Who doesn’t like Tokyo, am I right? The capital of Japan is full of fun, exciting things to do and quirky experiences to enjoy. It’s a perfect balance of modernity and tradition, an ultra-modern metropolis set against rustic cultural remnants that celebrate the city’s heritage. But with so many things to do in Tokyo, it can be easy to find yourself disorientated on your first visit.
Understandably, we want to try everything but that’s easier said than done. Tokyo is a massive city, after all, and you could spend days exploring just one area! But for those who want to maximise your time in this famous metropolis, don’t fret. This guide is for you! Here are the 28 essential things to do in Tokyo for all you first-time visitors!
Also read: Day Trips from Tokyo
1. Visit the iconic Sensoji Temple in Asakusa
Located in the Asakusa District, Sensoji Temple is a shining example of Tokyo’s deep-rooted cultural heritage. Tokyo’s most colourful temple was actually built 645 A.D., making it the city’s oldest Buddhist temple.
The most Insta-worthy location is the iconic main gate, called the Thunder Gate. You’ll recognise it by the giant red lantern in the middle. Beyond the Thunder Gate is a shopping street that stretches about 200m. Along it, you can find traditional Japanese handicraft, including fans and yukata, and even some traditional snacks too!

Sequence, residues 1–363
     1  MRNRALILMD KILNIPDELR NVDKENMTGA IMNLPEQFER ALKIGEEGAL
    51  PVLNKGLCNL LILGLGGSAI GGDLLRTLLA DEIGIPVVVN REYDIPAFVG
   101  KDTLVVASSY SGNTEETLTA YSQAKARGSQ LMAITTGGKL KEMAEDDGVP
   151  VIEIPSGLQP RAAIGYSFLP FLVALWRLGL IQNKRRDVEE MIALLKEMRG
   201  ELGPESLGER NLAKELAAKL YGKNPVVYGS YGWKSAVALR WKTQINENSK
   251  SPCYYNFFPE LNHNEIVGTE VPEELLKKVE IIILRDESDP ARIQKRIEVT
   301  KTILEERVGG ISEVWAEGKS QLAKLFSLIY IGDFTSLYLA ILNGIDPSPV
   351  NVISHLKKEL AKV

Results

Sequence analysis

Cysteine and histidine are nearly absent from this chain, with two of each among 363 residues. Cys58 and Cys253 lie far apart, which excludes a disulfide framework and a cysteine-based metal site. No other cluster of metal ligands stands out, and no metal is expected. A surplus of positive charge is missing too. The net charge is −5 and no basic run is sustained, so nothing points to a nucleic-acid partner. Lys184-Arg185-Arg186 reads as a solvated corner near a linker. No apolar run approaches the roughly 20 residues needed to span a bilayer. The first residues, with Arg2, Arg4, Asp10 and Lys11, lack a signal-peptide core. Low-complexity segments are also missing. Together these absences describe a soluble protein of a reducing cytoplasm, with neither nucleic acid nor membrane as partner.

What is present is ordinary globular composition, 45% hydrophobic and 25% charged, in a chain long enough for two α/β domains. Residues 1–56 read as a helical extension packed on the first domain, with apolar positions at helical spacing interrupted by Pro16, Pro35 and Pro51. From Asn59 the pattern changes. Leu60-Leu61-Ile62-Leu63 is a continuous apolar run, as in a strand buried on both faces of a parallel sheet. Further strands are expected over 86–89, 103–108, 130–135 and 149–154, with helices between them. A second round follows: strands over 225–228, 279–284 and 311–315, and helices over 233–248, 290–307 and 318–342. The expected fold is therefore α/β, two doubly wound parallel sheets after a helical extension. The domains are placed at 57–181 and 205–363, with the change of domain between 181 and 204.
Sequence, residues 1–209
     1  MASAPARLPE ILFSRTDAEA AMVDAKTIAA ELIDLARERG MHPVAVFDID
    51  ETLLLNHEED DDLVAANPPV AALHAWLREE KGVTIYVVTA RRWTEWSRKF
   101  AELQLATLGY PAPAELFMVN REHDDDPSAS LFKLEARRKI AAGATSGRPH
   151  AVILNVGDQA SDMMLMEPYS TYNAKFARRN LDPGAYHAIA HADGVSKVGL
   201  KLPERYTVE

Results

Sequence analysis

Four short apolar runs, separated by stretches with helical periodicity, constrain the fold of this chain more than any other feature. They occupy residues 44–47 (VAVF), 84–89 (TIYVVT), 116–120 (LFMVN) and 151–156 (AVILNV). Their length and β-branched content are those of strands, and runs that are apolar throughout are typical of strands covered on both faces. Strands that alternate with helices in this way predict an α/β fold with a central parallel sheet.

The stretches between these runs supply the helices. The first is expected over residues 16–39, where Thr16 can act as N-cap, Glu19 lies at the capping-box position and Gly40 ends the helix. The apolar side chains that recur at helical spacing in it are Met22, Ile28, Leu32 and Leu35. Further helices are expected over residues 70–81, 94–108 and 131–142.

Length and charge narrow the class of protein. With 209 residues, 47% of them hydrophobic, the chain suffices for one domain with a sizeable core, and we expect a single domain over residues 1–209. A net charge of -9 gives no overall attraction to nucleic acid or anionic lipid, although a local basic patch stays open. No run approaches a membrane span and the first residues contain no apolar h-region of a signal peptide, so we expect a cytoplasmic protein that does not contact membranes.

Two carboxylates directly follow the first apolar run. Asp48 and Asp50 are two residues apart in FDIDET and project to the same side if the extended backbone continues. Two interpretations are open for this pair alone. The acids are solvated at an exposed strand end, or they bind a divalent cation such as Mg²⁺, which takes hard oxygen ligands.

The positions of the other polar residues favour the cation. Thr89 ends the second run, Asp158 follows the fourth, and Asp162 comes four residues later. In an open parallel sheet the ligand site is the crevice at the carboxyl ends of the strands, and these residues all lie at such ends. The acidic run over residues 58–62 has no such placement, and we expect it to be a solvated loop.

For an added experience, you can also rent a kimono nearby (there are some along the way as you walk from Asakusa Station to the temple) for more Insta-moments. I’ve not been to Japan in two years but the last time I was there, kimono rentals went for an average of 5,000 Yen (RM185) for a day. You need to return the kimono by 6 p.m. though so don’t miss the time!
2. Take photos at iconic landmarks throughout the city
It’s a universal fact that nobody can resist a good photo while in Tokyo. There are plenty of beautiful places for photos, especially during cherry blossom season but some of the places I recommend for the most ambient photos are the Tokyo Metropolitan Government Building (the one that gets destroyed in almost every monster film), the iconic Shibuya Crossing, and the Hachiko statue right next to Shibuya Station.
3. Don’t forget to take a picture of the Statue of Liberty…wait, nani? (Odaiba)
Yes, I wasn’t kidding! Odaiba is a quirky entertainment district set on a man-made island in Tokyo Bay. Set across from the popular Rainbow Bridge (visit at night for incredible views), Odaiba is a popular spot for hanging out with friends and going on dates.
The thing that stands out the most however, is the replica of the Statue of Liberty! Though it is not as gigantic as the original, you can still rib a few of your friends if you can work your angles just right!
4. Chill out for a day at Ueno Park
Ueno Park is located next to Ueno Station and is one of Tokyo’s most frequently-visited public parks. It is exceptionally beautiful during sakura season and many tourists choose to rent a boat and paddle out to Shinobazu Pond during this time to admire the cherry blossoms from the water.
Apart from stunning views from March to May, Ueno Park is also home to Ueno Zoo, Japan’s first ever zoological garden. History and art buffs will also be able to enjoy insightful visits to the Tokyo National Museum and Tokyo Metropolitan Art Museum.
5. Catch a sumo match at Ryōgoku Kokugikan
6. Enjoy a traditional kabuki performance at Kabukiza Theatre